New Kingston northeast preview: An interview with Tahir Panton

To celebrate A Kingston Story: Come From Far (Easy Star Records, 2017), Brooklyn’s New Kingston is hitting the road with The Movement, and coming through the northeast in early November. The brothers Panton make up New Kingston: Tahir (keys), Courtney Jr. (drums), Stephen (guitar), and their father, Courtney Sr., sort of manages everything, and plays bass. The three brothers also sing, and it’s their differentiated vocal stylings mixed with lovely harmonies that give their music a dynamic texture. A Kingston Story: Come From Far covers a lot of territory, and the quartet continues to expand their fanbase and opportunities to be heard.

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Tahir calls me from across the Atlantic to talk about the upcoming tour and their latest record.

JM: What’s going on in England?

TP: We had about ten shows this past couple weeks. We did a run with The Skints, and we got a couple shows coming up with Collie Buddz.

JM: I saw the Skints once, at Cali Roots.

TP: Nice, nice. That was the first time we saw them too, in 2015.

JM: Have you toured Europe before?

TP: We came last year in July and did a run with Easy Star All-Stars. It feels good. Everyone is very accepting of what we bring to the scene. People love our reggae.

JM: Any contemporaries who are inspiring to you?

TP: I fully respect art, in any fashion. I try my best to see what the artist is going for in their product and like it for what it is. You can learn from anybody, from people on the street, from the professor, from anything. Art can pull from wherever.

JM: How’s it been touring behind the A Kingston Story: Come From Far?

TP: It’s good. Music is a beautiful thing, especially reggae- I don’t know about other genres- but music is forever. There’s still people discovering our first album, so every time we tour it reinforces everything we’ve done. This album adds to the collection, another piece of the puzzle.

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JM: It’s called A Kingston Story. Are there going to be sequential albums?

TP: Definitely. Different installments of the journey. Our story is so wide. Our father’s story alone is wide. We felt that if we were going to call this album A Kingston Story, we couldn’t try and cram everything into one! We’re making a trilogy. [Laughs]

JM: You’re now a reggae dynasty.

TP: Oh! Thank you.

JM: Have you played with The Movement before?

TP: We probably have! I used to ask artists questions like that and they weren’t sure and I’d be like, “How do you not remember that?” But I can’t remember! [Laughs]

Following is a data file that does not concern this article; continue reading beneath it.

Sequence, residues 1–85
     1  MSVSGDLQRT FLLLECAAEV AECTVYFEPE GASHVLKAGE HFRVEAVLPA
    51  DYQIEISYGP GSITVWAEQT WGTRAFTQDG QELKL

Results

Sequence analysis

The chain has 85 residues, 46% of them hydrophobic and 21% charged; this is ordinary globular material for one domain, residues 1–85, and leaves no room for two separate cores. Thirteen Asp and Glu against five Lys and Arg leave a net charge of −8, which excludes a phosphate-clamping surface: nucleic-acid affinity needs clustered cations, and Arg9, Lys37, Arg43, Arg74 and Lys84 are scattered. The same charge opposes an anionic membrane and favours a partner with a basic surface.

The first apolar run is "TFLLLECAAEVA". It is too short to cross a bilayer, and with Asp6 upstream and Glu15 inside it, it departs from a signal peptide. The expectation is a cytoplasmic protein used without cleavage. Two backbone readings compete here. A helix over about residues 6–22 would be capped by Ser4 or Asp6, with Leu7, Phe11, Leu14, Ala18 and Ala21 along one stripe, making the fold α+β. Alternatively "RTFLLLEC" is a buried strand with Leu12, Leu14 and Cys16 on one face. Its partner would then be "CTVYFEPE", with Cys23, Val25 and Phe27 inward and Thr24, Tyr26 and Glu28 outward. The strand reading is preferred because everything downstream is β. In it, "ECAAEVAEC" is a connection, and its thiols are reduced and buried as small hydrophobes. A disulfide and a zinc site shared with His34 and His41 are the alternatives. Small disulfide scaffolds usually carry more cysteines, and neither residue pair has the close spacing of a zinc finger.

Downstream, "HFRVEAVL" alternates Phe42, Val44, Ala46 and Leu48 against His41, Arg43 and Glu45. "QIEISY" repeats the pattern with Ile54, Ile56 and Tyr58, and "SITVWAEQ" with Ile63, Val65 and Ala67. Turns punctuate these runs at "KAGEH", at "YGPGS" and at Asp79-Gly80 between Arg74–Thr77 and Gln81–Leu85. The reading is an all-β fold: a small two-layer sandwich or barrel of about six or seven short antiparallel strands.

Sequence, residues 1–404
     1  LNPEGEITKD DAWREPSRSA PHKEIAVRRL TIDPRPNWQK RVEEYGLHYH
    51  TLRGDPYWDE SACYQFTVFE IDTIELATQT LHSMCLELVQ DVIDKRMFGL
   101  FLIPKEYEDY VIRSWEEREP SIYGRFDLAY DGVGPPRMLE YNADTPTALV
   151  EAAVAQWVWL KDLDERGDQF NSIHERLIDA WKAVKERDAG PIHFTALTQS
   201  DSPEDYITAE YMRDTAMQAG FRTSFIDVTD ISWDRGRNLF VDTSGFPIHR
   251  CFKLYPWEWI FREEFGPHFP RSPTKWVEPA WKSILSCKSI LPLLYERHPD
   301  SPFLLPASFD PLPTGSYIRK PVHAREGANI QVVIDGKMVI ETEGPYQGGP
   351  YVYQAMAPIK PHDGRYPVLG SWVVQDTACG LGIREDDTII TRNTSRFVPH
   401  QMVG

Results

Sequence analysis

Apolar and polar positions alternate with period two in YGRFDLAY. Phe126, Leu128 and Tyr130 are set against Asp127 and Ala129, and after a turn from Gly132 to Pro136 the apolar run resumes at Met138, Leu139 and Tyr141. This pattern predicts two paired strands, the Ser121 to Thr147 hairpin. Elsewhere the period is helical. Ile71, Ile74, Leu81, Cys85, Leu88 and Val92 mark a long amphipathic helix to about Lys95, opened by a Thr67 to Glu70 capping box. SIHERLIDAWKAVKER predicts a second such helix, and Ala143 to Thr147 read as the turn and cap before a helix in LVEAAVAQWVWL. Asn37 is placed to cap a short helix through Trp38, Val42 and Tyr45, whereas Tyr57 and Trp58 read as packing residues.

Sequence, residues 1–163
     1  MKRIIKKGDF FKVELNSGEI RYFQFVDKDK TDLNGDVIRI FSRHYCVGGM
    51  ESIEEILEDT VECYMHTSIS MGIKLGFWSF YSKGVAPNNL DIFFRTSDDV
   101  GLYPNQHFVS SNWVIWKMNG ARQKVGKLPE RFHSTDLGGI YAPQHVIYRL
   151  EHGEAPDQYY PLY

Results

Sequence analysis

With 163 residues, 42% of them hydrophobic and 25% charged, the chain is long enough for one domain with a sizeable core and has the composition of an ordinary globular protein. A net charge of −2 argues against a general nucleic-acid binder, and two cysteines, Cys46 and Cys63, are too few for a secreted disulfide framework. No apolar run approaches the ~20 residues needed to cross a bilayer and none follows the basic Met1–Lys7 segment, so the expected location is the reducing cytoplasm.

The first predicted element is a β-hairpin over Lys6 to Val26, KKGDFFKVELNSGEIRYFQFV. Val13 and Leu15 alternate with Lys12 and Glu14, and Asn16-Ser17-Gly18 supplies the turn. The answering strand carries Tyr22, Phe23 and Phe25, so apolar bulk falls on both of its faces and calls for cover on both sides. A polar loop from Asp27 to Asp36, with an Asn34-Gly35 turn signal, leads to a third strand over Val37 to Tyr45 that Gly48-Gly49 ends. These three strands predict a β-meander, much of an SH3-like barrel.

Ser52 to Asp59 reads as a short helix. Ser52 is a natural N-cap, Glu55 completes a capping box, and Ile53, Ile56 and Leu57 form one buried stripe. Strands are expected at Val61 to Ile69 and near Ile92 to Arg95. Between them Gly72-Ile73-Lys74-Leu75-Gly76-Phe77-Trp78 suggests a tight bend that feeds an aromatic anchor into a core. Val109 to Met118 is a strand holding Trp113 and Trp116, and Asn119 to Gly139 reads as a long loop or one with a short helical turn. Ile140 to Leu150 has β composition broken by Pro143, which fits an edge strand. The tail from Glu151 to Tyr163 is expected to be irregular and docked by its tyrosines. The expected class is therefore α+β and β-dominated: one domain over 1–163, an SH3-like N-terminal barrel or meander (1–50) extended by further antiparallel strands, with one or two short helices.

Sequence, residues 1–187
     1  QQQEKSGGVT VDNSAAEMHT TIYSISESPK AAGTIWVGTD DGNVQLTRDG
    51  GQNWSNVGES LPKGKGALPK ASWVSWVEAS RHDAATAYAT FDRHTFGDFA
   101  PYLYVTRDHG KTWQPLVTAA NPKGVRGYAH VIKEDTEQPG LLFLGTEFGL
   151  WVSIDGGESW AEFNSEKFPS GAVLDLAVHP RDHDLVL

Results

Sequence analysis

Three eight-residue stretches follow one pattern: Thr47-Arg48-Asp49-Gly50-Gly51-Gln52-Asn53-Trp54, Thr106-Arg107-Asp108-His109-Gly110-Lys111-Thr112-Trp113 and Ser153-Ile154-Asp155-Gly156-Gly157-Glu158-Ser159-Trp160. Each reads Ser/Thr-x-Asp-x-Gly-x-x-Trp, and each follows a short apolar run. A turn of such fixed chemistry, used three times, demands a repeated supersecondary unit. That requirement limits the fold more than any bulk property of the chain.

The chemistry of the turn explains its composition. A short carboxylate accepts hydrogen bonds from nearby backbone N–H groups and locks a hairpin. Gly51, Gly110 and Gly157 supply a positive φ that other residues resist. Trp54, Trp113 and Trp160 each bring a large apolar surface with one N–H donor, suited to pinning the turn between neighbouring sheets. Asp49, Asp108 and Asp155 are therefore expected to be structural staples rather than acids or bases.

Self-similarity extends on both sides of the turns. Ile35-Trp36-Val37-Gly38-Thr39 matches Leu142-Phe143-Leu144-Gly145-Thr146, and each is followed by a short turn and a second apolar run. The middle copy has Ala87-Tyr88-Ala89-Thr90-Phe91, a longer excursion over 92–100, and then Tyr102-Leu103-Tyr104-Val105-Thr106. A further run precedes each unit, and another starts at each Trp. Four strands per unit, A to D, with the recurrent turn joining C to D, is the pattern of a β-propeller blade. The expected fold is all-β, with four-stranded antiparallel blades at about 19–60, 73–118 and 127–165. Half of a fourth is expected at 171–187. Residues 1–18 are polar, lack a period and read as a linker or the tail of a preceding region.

JM: In terms of making music together, did everyone grow up playing what they play in New Kingston?

TP: My father made New Kingston. He’s been a musician for thirty-plus years. He says, “If a Chinese man had a Chinese store in New York City, and he had a kid, it’s more than likely that the kid is going to work in the Chinese store at a young age. You got to learn the business. At first, the vision wasn’t “One day we’re going to tour the U.K.” It was more like, “Let’s play music so you don’t have to be on the street.” It turned into what it is from that.

JM: He’s a great bass player.

TP: He’s the foundation. That’s where the reggae lies, in the bass.

JM: What’s it like to be in a band and tour with your brothers and dad?

TP: I don’t know anything else, so it’s hard to compare, but I can say the vibes are great because family is forever, automatically, so to be in a band with my family is best because we get to work and bond simultaneously. All the arguments are for a better cause. It’s not like we’re strangers trying to do business together. I don’t know how people do that, honestly! [Laughs] But with family the tolerance is higher because we’re working together.

JM: Like, “Remember when I was eight and you did this to thing to me?”

TP: Uh-hunh. Exactly.

JM: Y’all sing and write songs. How are you writing music?

TP: We always create music. Every day is a day to create music. When we get into the studio we’re in there with ideas already. Everywhere we go the vibes affects us. Music is a natural thing. People ask how we write music and it’s hard to answer. It’s what’s literally inside us, it’s what we can put out. People we meet, food we eat, all experiences, find our way into our music.

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JM: I’m excited for your show at Higher Ground.

TP: Nice! I like Vermont. I hope it won’t be too cold, but more than likely it will be!

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